The Social Construction of a Music Mecca: Goin' Home, New Orleans and International New Orleans Jazz Revivalism

    Research output: Contribution to journalArticle

    Abstract

    This article examines the interrelations between song, music genre and social context with reference to the interrelations between music, place and identity, in the case of the social representation of the city of New Orleans as a music Mecca. It argues that the metaphor and mythology expressed in the lyrics of Ken Colyer’s ‘Goin’ Home’ (1953) have been pivotal in the social construction of a jazz genre rooted in place and identity and sets forth a ‘trajectory’ approach that places the song in the context of its composition, recording, and aftermath, with particular reference to relevant popular music studies literature and the ‘serious leisure’ perspective within the sociology of tourism.
    LanguageEnglish
    Pages29-45
    JournalPopular Music History
    Volume8
    Issue number1
    DOIs
    Publication statusPublished - 7 Feb 2014

    Fingerprint

    Jazz
    Social Construction
    Revivalism
    Music
    Mecca
    Song
    Trajectory
    Social Representations
    Leisure
    Tourism
    Popular music
    Social Context
    Lyrics
    Mythology
    Sociology

    Keywords

    • connoisseur tourism
    • identity
    • Ken Colyer
    • music Mecca
    • New Orleans
    • revivalism
    • serious leisure
    • traditional jazz

    Cite this

    @article{700fc56d6fbd4b62a543c72514687870,
    title = "The Social Construction of a Music Mecca: Goin' Home, New Orleans and International New Orleans Jazz Revivalism",
    abstract = "This article examines the interrelations between song, music genre and social context with reference to the interrelations between music, place and identity, in the case of the social representation of the city of New Orleans as a music Mecca. It argues that the metaphor and mythology expressed in the lyrics of Ken Colyer’s ‘Goin’ Home’ (1953) have been pivotal in the social construction of a jazz genre rooted in place and identity and sets forth a ‘trajectory’ approach that places the song in the context of its composition, recording, and aftermath, with particular reference to relevant popular music studies literature and the ‘serious leisure’ perspective within the sociology of tourism.",
    keywords = "connoisseur tourism, identity, Ken Colyer, music Mecca, New Orleans, revivalism, serious leisure, traditional jazz",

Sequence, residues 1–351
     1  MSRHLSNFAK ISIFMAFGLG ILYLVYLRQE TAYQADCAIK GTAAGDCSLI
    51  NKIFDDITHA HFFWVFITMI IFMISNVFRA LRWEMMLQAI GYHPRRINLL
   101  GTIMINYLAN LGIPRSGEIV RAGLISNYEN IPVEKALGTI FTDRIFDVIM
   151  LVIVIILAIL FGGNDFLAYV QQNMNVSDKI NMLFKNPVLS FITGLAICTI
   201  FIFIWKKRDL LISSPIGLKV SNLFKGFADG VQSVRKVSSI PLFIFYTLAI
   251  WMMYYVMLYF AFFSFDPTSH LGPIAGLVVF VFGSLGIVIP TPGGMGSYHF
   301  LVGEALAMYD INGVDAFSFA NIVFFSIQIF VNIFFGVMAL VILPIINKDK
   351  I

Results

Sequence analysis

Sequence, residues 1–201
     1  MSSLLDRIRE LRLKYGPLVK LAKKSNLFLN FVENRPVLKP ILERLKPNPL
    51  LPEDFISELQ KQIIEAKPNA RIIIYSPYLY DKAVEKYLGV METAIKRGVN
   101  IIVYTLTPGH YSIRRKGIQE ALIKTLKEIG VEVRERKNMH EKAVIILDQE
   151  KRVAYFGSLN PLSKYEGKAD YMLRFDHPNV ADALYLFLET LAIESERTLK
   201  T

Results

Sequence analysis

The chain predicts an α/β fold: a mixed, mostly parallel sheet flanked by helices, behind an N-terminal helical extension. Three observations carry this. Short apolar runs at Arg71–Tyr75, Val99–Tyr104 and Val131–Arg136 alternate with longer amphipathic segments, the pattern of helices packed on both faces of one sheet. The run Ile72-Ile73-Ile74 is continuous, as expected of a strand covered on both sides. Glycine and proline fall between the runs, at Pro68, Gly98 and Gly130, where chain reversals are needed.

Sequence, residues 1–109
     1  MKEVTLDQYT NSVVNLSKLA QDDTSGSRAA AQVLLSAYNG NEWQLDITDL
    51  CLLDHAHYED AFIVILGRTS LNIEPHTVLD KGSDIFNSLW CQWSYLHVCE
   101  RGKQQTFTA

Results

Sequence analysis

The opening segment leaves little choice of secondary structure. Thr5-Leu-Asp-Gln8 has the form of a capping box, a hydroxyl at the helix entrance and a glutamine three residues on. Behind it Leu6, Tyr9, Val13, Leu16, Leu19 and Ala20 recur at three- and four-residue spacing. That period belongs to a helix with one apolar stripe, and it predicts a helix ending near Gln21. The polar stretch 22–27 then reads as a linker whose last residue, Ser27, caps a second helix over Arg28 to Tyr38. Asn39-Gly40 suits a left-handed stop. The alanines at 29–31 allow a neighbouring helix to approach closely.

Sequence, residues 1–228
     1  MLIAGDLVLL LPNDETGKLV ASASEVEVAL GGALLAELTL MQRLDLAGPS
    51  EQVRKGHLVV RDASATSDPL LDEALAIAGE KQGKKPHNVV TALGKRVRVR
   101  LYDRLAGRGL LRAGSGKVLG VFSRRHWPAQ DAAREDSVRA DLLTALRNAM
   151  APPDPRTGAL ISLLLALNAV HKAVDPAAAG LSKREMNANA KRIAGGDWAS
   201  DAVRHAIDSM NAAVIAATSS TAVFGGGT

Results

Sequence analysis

author = "Richard Ekins",
    year = "2014",
    month = "2",
    day = "7",
    doi = "10.1558/pomh.v8i1.29",
    language = "English",
    volume = "8",
    pages = "29--45",
    journal = "Popular Music History",
    issn = "1740-7133",
    number = "1",

    }

    The Social Construction of a Music Mecca: Goin' Home, New Orleans and International New Orleans Jazz Revivalism. / Ekins, Richard.

    In: Popular Music History, Vol. 8, No. 1, 07.02.2014, p. 29-45.

    Research output: Contribution to journalArticle

    TY - JOUR

    T1 - The Social Construction of a Music Mecca: Goin' Home, New Orleans and International New Orleans Jazz Revivalism

    AU - Ekins, Richard

    PY - 2014/2/7

    Y1 - 2014/2/7

    N2 - This article examines the interrelations between song, music genre and social context with reference to the interrelations between music, place and identity, in the case of the social representation of the city of New Orleans as a music Mecca. It argues that the metaphor and mythology expressed in the lyrics of Ken Colyer’s ‘Goin’ Home’ (1953) have been pivotal in the social construction of a jazz genre rooted in place and identity and sets forth a ‘trajectory’ approach that places the song in the context of its composition, recording, and aftermath, with particular reference to relevant popular music studies literature and the ‘serious leisure’ perspective within the sociology of tourism.

    AB - This article examines the interrelations between song, music genre and social context with reference to the interrelations between music, place and identity, in the case of the social representation of the city of New Orleans as a music Mecca. It argues that the metaphor and mythology expressed in the lyrics of Ken Colyer’s ‘Goin’ Home’ (1953) have been pivotal in the social construction of a jazz genre rooted in place and identity and sets forth a ‘trajectory’ approach that places the song in the context of its composition, recording, and aftermath, with particular reference to relevant popular music studies literature and the ‘serious leisure’ perspective within the sociology of tourism.

    KW - connoisseur tourism

    KW - identity

    KW - Ken Colyer

    KW - music Mecca

    KW - New Orleans

    KW - revivalism

    KW - serious leisure

    KW - traditional jazz

    U2 - 10.1558/pomh.v8i1.29

    DO - 10.1558/pomh.v8i1.29

    M3 - Article

    VL - 8

    SP - 29

    EP - 45

    JO - Popular Music History

    T2 - Popular Music History

    JF - Popular Music History

    SN - 1740-7133

    IS - 1

    ER -